Rommel Silverio, believed to be the city’s first city councillor of Filipino heritage, pushed back against fellow councillors Monday after they advised the city to stop raising foreign national flags.
Mayor Rebecca Alty raised the agenda item during the government priorities committee meeting noting that the city has no formal written policy for when it is appropriate to lower flags, raise flags or make official proclamations. Typically, all flag events are carried out in response to requests solely from local residents and are followed through as long as they are respectful, she said.
“Our practice is that when we get requests for proclamations and flag raisings at city hall, they are brought forward by different community representatives and it is an opportunity for the city to show and acknowledge the cultural richness in Yellowknife, she said.
At least three councillors said Monday that the practice of raising flags of other countries outside of Canada was, at the very least, questionable and could lead to awkward controversies particularly if the country has poor human rights records.
Silverio, however, said when the Filipino flag is raised and the country is recognized in June for Filipino Heritage Month, it brings him and other Filipinos in Yellowknife pride. The month is noted for the Philippines’ decolonization from Spain and for when Canada started bilateral relations with the Asian country.
“If we stop flying country flags it seems to me we are going backwards,” he said, noting the municipality should continue following the example set by Canadian parliament which endorsed Motion 155 in 2018 that recognizes the contributions of Filipino Canadians with Filipino Heritage Month.
“Since I became a councilllor I saw no issue of raising flags of different countries. It makes me feel proud. So I don’t think we should stop doing that.
“When we recognize a second group of people here, it gives them pride and honour to be part of this community. This is why Yellowknife is a good place because it gives us diversity.”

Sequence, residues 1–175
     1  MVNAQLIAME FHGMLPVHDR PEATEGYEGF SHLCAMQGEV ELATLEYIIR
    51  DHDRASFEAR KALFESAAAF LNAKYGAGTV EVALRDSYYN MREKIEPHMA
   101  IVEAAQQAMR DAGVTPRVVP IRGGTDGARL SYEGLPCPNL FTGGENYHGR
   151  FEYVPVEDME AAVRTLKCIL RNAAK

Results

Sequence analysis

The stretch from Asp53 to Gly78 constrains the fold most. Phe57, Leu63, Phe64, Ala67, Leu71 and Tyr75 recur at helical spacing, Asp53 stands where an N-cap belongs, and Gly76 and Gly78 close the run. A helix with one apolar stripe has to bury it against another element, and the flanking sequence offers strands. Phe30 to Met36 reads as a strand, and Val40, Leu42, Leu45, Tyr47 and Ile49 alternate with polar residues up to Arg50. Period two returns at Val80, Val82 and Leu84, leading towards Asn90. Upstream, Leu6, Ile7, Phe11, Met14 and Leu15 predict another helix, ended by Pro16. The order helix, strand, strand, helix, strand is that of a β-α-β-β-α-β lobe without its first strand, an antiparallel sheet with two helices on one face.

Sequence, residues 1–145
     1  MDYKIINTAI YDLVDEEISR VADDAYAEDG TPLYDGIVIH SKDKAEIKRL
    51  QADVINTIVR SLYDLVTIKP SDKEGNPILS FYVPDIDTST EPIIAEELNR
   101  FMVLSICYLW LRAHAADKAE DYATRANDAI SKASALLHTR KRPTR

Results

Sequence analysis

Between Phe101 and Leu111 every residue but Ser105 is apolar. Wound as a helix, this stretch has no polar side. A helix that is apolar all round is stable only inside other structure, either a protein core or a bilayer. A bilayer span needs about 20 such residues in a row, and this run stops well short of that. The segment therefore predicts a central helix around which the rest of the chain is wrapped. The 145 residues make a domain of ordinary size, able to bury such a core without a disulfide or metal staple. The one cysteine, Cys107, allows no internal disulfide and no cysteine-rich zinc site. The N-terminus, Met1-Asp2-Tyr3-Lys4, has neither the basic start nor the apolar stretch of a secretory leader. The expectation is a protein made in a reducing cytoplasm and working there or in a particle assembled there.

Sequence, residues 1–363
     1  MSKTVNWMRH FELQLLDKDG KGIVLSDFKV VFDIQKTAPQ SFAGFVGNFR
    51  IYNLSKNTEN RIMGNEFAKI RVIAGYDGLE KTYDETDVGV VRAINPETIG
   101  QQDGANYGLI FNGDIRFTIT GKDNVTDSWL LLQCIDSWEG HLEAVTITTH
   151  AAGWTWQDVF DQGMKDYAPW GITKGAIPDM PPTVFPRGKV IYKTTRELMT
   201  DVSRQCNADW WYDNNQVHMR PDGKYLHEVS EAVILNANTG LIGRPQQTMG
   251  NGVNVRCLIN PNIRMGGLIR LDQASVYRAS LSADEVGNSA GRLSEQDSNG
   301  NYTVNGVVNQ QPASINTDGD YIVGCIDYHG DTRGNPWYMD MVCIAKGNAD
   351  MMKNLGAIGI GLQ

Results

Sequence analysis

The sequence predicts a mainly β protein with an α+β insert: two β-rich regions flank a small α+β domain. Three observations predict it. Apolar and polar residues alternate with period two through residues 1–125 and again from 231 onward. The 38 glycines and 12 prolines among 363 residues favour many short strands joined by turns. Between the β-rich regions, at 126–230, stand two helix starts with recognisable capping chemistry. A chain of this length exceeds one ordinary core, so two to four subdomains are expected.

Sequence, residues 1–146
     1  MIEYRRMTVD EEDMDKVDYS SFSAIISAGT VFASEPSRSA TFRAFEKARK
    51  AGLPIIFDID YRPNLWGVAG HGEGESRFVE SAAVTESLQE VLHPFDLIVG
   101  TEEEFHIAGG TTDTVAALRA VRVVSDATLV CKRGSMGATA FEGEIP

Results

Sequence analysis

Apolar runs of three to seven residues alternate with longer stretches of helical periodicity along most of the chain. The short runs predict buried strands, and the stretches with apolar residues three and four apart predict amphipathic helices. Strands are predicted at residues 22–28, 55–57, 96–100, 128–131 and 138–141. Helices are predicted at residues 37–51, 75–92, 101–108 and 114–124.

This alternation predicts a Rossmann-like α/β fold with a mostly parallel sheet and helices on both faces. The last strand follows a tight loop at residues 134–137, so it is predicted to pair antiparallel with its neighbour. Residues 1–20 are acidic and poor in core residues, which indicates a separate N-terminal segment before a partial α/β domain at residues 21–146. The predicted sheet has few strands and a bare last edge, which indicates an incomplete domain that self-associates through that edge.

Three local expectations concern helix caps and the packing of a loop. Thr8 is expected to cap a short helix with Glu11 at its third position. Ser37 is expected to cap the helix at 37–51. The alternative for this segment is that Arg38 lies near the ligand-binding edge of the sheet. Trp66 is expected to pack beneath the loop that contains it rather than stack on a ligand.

Couns. Niels Konge and Shauna Morgan said they are against flying national flags other than the Canadian maple leaf. Cynthia Mufandaedza said she would like to learn what other jurisdictions do before making a decision.
All, except Silverio, shared similar views that raising other national flags can open the door to the public misinterpreting that the city endorses countries’ human rights records when they fly flags of countries with poor human rights records.
“For me personally I would say we should stop flying country flags,” Konge said. “Anybody who is in Canada , who is proud to be in Canada – which hopefully everyone is – we are in Canada and under the Canadian flag.
“I believe that wholeheartedly. I have dual citizenship to another country and I would never imagine going there and flying the Canadian flag.”
Mufandaedza said there have been times when some flags flown were questionable.
“Sometimes we have seen flags that we don’t generally agree on with, say, the human rights record of a certain country and seeing the flag flying, for me, makes it look like we are in agreement,” she said. “I am curious as to how other jurisdictions would handle that.”
Mufandaedza, who was born in Harare, the capital of Zimbabwe, said in a separate interview that she appreciated Silvero’s opinion, but added that if a Zimbabwean flag were flown, it might cause confusion.
“It depends on what it is really standing for,” she said when asked what she would think of a Zimbabwean flag being flown. “Right now Zimbabwe is not at peace. So, are we flying the flag because we are in support of the nation of Zimbabwe or are we celebrating (the people).
“If we are celebrating the people – we have a Zimbabweans in Yellowknife Association – and if that is what we are supporting, I would suggest the association at least go the Zimbabwean side, get an association flag, and that is what we would fly.
“We are patriotic and love our flag – but I also don’t want to say that this is the flag we want to fly because we are happy with what the nation is doing right now.”
Coun. Morgan said she supports following the higher levels of government for half-mast, but said it isn’t the municipality’s job to delve into foreign policy issues by flying foreign flags.
“I would like to continue flying flags of different issues or causes when appropriate to raise awareness about important things happening things in the community or causes, but I agree we should no longer fly flags of other countries,” she said.
“Nationalism is such a very tricky thing and we are really in no position here at the municipal level or it is not our jobs to be debating foreign policy and records of other countries – either current or past events.”
Alty said council has the opportunity to leave the informal practice as it stands or have city staff research and come up with a more formal procedure after some research.
Administration was directed to come back to council at a later date with proposed protocols.